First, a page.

Tom DeLay is quitting a re-election race he could not win and soon will exit the House he held in a hammerlock for the better part of a decade because, he says, “It was obvious to me that this election had become a referendum on me.” But if there is to be any real repair of the democracy that DeLay so damaged, November’s competition for control of the House still must be that referendum on DeLay–or, more precisely, on the “DeLayism” that continues to characterize this Congress.
The vast majority of the House Republican Caucus, and every member elected since the Republican “revolution” of 1994, owe not just their Congressional careers but their understanding of how to play the political game to the disgraced former House majority leader. It was DeLay who replaced the clumsy corruption of the reckless visionary with whom he had climbed the ladder of power, former House Speaker Newt Gingrich, with the rigid pay-to-play policy-making that defines Washington today. The Texas Congressman may have worked through others, most notably the hapless wrestling coach he positioned two heartbeats away from the presidency, Speaker Dennis Hastert, but no one ever doubted that this was The Hammer’s House. And so it remains.
The great deception that is foisted upon voters by defenders of the status quo is the claim that the broken machinery of government can be fixed by replacing a crooked chief mechanic. The problem, of course, is that the chief mechanic trains the team that is left behind to run the machinery, and that is particularly true in DeLay’s case. Just as Public Citizen’s Joan Claybrook is right when she says that DeLay “led his colleagues to new heights of corruption,” so she is right when she says that the departure of the Bible-quoting architect of their corruption is not going to turn his acolytes into choir boys. Redemption is not in the cards for this crowd. That’s because the bug-spray specialist from Sugar Land, Texas, fundamentally altered his party and Congress by exterminating not just Democrats but those pesky Republicans who challenged his schemes. DeLay “primaried” colleagues whose ethics got in the way of his project, steering money and support to challengers who either defeated independent-thinking GOP incumbents or scared them into lining up with his agenda. Behind closed doors, senior members of the House cried, pleaded and threatened to expose DeLay, but when the time came, they voted as he told them they must.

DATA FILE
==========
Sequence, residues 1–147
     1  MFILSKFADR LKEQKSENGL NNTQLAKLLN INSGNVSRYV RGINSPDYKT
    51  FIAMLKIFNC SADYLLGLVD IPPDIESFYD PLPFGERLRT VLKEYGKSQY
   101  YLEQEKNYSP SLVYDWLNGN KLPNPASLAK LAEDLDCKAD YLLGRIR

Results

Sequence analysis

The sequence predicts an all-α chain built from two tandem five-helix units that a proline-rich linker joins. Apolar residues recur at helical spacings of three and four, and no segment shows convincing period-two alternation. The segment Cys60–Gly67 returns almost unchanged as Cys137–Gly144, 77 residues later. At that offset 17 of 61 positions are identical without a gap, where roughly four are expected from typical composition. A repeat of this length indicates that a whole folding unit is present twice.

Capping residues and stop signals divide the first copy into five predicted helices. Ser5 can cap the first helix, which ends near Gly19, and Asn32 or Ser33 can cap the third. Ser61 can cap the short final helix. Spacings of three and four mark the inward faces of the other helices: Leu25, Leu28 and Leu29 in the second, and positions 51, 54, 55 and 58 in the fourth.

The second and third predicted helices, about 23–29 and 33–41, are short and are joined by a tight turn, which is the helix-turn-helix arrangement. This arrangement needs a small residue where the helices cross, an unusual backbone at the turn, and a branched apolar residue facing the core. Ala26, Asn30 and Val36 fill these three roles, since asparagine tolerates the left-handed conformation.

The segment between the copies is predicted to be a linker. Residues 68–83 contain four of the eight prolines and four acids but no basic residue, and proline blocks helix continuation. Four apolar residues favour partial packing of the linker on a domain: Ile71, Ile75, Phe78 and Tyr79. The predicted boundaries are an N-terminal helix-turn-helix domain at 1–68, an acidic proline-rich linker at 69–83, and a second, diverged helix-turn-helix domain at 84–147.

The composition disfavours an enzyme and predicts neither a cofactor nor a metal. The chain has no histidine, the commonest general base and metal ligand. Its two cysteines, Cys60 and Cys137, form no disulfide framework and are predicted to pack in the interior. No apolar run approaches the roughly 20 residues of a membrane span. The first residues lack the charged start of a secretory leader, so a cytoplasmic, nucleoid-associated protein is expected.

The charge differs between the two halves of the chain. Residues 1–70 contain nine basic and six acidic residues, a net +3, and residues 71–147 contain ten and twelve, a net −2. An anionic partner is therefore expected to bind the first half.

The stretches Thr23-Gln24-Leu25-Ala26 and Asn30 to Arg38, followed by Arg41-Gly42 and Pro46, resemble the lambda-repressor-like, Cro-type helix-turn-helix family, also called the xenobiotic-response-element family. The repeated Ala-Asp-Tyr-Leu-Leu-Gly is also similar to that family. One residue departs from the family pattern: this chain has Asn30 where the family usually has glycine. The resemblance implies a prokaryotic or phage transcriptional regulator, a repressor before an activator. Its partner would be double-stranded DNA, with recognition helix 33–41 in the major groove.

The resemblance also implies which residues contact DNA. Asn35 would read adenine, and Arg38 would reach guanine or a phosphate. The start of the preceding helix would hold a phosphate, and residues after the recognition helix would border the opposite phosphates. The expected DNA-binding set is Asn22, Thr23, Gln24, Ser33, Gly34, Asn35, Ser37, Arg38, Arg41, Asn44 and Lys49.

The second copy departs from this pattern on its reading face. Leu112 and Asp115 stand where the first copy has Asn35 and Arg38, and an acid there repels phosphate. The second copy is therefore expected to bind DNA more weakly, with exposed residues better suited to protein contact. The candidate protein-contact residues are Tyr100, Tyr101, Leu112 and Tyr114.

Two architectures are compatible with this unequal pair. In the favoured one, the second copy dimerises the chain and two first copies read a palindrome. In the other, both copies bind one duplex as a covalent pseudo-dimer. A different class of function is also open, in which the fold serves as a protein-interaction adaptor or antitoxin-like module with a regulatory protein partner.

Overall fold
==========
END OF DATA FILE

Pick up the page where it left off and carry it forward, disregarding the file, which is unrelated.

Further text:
Eventually DeLay obtained a House majority that he could deliver with such certainty that he was able to dictate not just the course of Congressional deliberations but the politics of Washington and much of the nation. That power, in turn, allowed his K Street Project to redefine campaign giving so that corporations no longer hedged bets by dividing their largesse between the two parties; they simply hired lobbyists and wrote checks as DeLay and his operatives instructed. With unlimited resources at his command, DeLay moved to create the permanent majority that would allow him to set the agenda for decades to come–not by winning elections but by manipulating the redistricting process to create an ever expanding pool of districts where Republicans could not lose. DeLay even ventured into presidential politics, dispatching an Izod-clad army of aides and allies to Miami in November 2000 to shut down a Dade County recount that he feared would deny the presidency to fellow Texan George W. Bush.